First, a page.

“At the lowest depth the water pore pressure is higher than the effective stress in the rock mass and the mostly marly nature of the crossed flysh formations and the soft breccia filling the two paleo-channel in the middle section of the Strait also don’t help for an ’easy’ solution.”
As a result, the inter-continental route will therefore not traverse the shortest distance between the two countries but rather the best under prevailing conditions. The tunnels will run from Punta Paloma, near Cadiz in Spain, to Cape Malabata, near Tangier in Morocco, an area where the sea is only 984 ft. (300 m) deep.
Current Stage of the Project
At this point design work is still under way.
“The geological and geotechnical aspects have been further studied and the results are the basis for the next steps. Design is now dealing with geomechanical analyses, for which the development of particular computation models is needed due to geomechanical and hydraulical conditions, which are out of the usual ranges and combinations,” said Panciera.
“The study of the building method is considering the possibilities for application of tunnel boring machines [TBM] integrated by special systems for the support of the excavation face, such as hydroshields or EPB [earth pressure balance]. Geomechanical conditions are extreme and no decisions have yet been made. They will depend also on the results of the geomechanical computations and the final design will possibly need a further investigation campaign.”
It is anticipated most of the tunnels will be excavated by earth pressure balanced shields (EPB) or other similar techniques, although the equipment to be used is not yet settled since geomechanical analyses, which form the basis for deciding equipment specifications, are still ongoing.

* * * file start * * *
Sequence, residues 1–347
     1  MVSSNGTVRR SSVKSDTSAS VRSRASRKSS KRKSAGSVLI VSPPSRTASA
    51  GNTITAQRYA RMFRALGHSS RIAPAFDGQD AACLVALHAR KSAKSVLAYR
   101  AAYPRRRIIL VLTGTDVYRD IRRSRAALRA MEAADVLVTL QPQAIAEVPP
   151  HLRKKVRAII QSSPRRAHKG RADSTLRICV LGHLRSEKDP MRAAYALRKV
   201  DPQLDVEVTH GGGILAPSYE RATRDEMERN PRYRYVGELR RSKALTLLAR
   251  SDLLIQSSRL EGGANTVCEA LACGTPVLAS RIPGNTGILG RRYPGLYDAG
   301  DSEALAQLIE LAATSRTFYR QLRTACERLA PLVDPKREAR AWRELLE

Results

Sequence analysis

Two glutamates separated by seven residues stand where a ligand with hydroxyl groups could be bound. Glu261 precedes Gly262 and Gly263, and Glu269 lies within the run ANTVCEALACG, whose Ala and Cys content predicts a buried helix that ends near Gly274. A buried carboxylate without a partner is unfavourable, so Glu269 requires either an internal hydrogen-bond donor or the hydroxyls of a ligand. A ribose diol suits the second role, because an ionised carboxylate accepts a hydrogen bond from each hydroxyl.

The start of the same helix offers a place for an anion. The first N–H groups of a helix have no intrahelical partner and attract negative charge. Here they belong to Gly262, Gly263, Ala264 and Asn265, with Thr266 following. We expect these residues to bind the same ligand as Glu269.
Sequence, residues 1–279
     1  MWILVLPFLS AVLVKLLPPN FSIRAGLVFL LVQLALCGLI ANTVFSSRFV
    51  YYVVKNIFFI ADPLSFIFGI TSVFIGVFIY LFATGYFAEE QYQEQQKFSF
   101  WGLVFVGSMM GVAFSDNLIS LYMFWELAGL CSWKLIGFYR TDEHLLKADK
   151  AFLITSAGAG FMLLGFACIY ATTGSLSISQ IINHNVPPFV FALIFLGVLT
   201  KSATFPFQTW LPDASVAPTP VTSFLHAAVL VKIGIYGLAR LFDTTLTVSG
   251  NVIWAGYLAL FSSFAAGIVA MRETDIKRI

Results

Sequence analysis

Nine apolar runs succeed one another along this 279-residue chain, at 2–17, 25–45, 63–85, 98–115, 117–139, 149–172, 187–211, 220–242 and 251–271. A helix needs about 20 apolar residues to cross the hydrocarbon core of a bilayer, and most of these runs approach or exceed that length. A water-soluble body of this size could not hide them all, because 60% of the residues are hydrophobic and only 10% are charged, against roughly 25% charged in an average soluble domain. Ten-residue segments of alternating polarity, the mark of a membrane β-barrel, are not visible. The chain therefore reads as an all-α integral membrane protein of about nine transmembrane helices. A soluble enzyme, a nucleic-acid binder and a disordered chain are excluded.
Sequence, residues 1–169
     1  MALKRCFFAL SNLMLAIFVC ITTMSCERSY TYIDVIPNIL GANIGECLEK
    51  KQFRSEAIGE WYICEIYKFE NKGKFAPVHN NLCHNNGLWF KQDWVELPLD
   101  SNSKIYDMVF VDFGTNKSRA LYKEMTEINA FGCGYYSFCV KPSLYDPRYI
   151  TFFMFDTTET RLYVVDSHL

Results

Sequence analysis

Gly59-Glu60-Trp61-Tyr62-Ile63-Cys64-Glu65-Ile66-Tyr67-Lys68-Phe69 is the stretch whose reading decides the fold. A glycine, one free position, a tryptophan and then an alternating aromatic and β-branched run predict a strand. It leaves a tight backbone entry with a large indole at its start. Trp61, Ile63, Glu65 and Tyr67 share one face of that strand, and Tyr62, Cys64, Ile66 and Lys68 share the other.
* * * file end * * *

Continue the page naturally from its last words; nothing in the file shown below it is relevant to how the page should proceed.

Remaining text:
“In addition, geological features are present, which make the situation more complicated than it was in the previous design run,” Panciera continued, “and aspects relating to the safety of the tunnel when in service are quite different as well, due to changing national and international safety standard regulations.”
The preliminary design will need the approval of the two client companies before a decision can be taken on final design and preparation of tender documents. The project schedule also will depend on aspects other than the technical, such as governmental decisions.
Financial arrangements also will needed to be addressed, and while it is too early for a reliable cost estimate, figures suggested for construction of the tunnels have ranged from $6.5 billion to $13 billion. It appears private investors will be invited to participate and it has been reported additional funding will be sought from the European Union.
Once the tunnels are built, however, they will provide numerous benefits for both countries and continents, including increased tourism revenues, rising real estate markets, and enhanced commercial and investment opportunities — not to mention the possibility of boarding a train in the north of Scotland and disembarking in Africa. As Roger Helmer, Member of the European Parliament for the East Midlands region of the UK, stated, “This is an ambitious project and a prime example of international cooperation and endeavor, which will aid economic development in both countries.” CEG